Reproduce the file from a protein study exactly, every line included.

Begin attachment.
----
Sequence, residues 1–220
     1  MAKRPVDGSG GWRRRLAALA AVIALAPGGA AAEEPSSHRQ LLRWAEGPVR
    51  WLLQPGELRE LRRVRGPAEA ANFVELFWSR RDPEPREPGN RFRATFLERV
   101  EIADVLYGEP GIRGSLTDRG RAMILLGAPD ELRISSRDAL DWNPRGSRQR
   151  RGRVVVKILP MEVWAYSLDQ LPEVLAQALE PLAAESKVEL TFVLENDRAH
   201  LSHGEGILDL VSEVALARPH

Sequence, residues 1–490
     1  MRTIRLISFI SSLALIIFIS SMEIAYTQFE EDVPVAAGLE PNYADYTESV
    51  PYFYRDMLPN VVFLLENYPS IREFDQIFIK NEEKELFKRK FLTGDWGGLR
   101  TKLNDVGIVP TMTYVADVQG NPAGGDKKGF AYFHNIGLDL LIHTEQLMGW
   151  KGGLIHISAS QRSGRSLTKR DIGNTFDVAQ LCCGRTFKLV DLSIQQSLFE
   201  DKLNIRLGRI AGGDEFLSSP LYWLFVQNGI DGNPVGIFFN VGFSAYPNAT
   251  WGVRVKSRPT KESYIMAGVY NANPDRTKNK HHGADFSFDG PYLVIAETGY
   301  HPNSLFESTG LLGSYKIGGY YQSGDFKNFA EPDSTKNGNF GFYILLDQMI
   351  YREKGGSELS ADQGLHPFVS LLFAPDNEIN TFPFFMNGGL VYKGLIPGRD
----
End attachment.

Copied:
Sequence, residues 1–220
     1  MAKRPVDGSG GWRRRLAALA AVIALAPGGA AAEEPSSHRQ LLRWAEGPVR
    51  WLLQPGELRE LRRVRGPAEA ANFVELFWSR RDPEPREPGN RFRATFLERV
   101  EIADVLYGEP GIRGSLTDRG RAMILLGAPD ELRISSRDAL DWNPRGSRQR
   151  RGRVVVKILP MEVWAYSLDQ LPEVLAQALE PLAAESKVEL TFVLENDRAH
   201  LSHGEGILDL VSEVALARPH

Sequence, residues 1–490
     1  MRTIRLISFI SSLALIIFIS SMEIAYTQFE EDVPVAAGLE PNYADYTESV
    51  PYFYRDMLPN VVFLLENYPS IREFDQIFIK NEEKELFKRK FLTGDWGGLR
   101  TKLNDVGIVP TMTYVADVQG NPAGGDKKGF AYFHNIGLDL LIHTEQLMGW
   151  KGGLIHISAS QRSGRSLTKR DIGNTFDVAQ LCCGRTFKLV DLSIQQSLFE
   201  DKLNIRLGRI AGGDEFLSSP LYWLFVQNGI DGNPVGIFFN VGFSAYPNAT
   251  WGVRVKSRPT KESYIMAGVY NANPDRTKNK HHGADFSFDG PYLVIAETGY
   301  HPNSLFESTG LLGSYKIGGY YQSGDFKNFA EPDSTKNGNF GFYILLDQMI
   351  YREKGGSELS ADQGLHPFVS LLFAPDNEIN TFPFFMNGGL VYKGLIPGRD